17 Mar 2018

Kamasi Washington - the young giant of jazz

From RNZ Music, 1:30 pm on 17 March 2018

The American tenor saxophonist heralded as the saviour of jazz told us he'd be leaving "the music wide open" when he and his band played at WOMAD Taranaki.

Kamasi Washington

Kamasi Washington Photo: Courtesy of Brainfeeder

“The whole journey, the flight, the hotel, the people … totally affects the way we play,” Washington says.

“All those things create a momentum ... there’s an energy in the soil, and the people bring an energy, and then we bring our energy ... Putting that ... together creates a momentum and a direction and I just try to follow it.

"Basically, it’s like a current. So that’ll be fun.”

Ronald Bruner Jr, Kamasi Washington, Cameron Graves ,Stephen 'Thundercat' Bruner

Ronald Bruner Jr, Kamasi Washington, Cameron Graves ,Stephen 'Thundercat' Bruner Photo: Courtesy of Spotify

‘Young jazz giant’ seems like the best way to describe Kamasi Washington – the Los Angeles native who's been at the forefront of a recent jazz renaissance.

His tenor sax and string arrangements on Kendrick Lamar’s Grammy Award-winning album To Pimp a Butterfly introduced a new audience to a genre mostly associated with Dads and turtlenecks.

Washington's debut release was a triple album aptly titled The Epic.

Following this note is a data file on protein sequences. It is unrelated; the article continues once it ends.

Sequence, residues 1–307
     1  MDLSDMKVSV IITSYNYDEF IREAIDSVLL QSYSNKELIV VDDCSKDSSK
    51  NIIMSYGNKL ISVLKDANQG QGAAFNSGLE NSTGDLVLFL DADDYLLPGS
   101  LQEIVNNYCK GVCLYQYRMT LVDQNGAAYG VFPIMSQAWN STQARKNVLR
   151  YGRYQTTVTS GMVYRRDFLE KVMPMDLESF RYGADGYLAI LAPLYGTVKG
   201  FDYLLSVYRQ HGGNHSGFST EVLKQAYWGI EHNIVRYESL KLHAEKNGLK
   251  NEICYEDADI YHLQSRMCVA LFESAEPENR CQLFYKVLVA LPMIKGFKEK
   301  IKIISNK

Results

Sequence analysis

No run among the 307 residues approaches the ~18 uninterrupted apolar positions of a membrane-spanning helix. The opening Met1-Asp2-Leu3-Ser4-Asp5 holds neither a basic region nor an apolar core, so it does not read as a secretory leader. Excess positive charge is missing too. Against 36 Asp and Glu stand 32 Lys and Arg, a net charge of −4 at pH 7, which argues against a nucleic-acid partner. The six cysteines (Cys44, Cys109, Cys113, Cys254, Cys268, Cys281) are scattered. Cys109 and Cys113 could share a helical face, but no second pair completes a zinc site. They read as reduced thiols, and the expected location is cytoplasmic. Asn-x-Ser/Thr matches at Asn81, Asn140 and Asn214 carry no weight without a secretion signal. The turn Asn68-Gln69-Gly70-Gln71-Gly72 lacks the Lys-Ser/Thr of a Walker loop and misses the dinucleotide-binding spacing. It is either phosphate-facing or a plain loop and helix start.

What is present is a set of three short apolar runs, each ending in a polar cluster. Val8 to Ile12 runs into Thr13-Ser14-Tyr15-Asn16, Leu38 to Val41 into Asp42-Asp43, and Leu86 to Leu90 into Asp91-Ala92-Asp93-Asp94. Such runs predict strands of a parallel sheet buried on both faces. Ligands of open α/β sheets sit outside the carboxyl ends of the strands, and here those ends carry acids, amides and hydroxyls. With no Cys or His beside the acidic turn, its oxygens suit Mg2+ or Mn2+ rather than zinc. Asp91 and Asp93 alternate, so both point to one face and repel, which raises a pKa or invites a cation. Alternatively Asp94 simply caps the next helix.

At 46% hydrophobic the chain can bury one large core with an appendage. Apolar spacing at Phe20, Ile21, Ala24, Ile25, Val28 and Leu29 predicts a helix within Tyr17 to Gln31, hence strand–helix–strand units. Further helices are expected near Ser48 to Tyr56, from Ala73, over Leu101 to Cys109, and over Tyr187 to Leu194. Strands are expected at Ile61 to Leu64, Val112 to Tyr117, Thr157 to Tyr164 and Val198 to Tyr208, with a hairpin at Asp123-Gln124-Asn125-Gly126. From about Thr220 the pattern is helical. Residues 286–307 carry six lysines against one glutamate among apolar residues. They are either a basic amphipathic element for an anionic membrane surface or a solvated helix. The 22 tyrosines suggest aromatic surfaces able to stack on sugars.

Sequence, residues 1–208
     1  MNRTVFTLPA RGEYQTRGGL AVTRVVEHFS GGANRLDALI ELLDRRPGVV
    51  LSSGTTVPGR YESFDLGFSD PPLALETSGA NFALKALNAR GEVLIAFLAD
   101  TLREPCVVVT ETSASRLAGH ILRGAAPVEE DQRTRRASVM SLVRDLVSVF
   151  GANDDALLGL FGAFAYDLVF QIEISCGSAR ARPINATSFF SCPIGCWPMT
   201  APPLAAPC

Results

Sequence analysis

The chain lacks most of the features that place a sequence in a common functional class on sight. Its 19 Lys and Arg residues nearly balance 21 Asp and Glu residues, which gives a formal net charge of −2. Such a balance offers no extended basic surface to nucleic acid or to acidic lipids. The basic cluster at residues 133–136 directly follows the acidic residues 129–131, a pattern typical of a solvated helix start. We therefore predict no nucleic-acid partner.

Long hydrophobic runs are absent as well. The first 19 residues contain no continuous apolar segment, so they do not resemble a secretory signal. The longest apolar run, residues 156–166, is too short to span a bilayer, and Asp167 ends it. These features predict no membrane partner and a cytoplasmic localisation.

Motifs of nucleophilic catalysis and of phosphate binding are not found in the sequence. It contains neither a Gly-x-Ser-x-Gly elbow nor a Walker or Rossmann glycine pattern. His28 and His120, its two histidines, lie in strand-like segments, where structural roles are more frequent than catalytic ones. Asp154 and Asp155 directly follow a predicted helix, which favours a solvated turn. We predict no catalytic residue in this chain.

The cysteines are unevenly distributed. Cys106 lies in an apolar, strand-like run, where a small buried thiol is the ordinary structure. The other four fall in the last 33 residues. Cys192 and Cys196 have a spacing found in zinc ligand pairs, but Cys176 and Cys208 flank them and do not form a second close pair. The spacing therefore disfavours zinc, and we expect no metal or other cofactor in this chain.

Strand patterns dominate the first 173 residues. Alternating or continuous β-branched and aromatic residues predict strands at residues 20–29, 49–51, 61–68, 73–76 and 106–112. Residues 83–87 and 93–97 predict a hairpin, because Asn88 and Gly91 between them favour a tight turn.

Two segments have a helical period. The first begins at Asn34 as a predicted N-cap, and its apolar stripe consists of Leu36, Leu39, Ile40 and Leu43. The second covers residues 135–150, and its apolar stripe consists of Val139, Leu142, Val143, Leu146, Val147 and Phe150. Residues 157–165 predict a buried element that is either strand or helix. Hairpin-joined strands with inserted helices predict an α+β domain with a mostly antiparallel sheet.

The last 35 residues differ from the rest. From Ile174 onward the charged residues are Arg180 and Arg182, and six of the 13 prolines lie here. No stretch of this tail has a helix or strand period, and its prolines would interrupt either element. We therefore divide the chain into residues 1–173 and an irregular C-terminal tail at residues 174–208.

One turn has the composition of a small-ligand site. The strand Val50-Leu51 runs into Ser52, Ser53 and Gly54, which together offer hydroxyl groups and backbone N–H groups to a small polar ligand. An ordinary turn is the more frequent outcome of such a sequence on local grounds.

Rather presciently, Young Jazz Giants was the name of the band he formed with like-minded, second-generation jazz players Cameron GravesRonald Bruner Jr. and Bruner's brother Stephen, better known to us as Thundercat.

The family connection goes far with the Bruner family: their fathers were bandmates, tutored by Los Angeles jazz hero Reggie Andrews.

Washington has been "playing with those guys since I was three years old. Like, we were little kids beating on pots and pans together".

Also under the tutelage of Reggie Andrews, both the Bruner and Washington sons followed in their fathers into the jazz world.

To Washington, the “connection is really deep” and continues to this day, even as former bandmates like Thundercat explore the easy-listening '80s genre now known as yacht rock or the little known ‘chopped and screwed’ remix approach.

“If you’re being creative all the time, that relationship will always stay fresh because, like Thundercat and I used to play together a lot more, now we don’t play together so much, but when we do play together it feels so brand new because he’s on a whole different tip than he has been.”

Chemistry and collaboration are important to Washington, who has worked with acts as diverse as John Legend, Ibeyi and Run The Jewels.

“Sometimes you’ll meet somebody and you’ll get a straight connection, like you guys are in the same energy, in the same place pretty quick.”

Washington felt this when he featured on XL Recordings founder Richard Russell’s debut release Everything is Recorded.

“It was just one of those things that the connection and the synergy was there. We just worked on music. I was only there for one day but the flow was just really good.”

“Like I said before, we try and take that vibe and connect it to the place we’re in ... Chemistry is definitely important, but intention [is], almost more so than chemistry. Every once in a while you hit that.”

Kamasi Washington will perform at Auckland's Powerstation on Friday, March 16 and at the 2018 WOMAD festival on Saturday, March 17.

Check out the rest of RNZ Music's WOMAD coverage.

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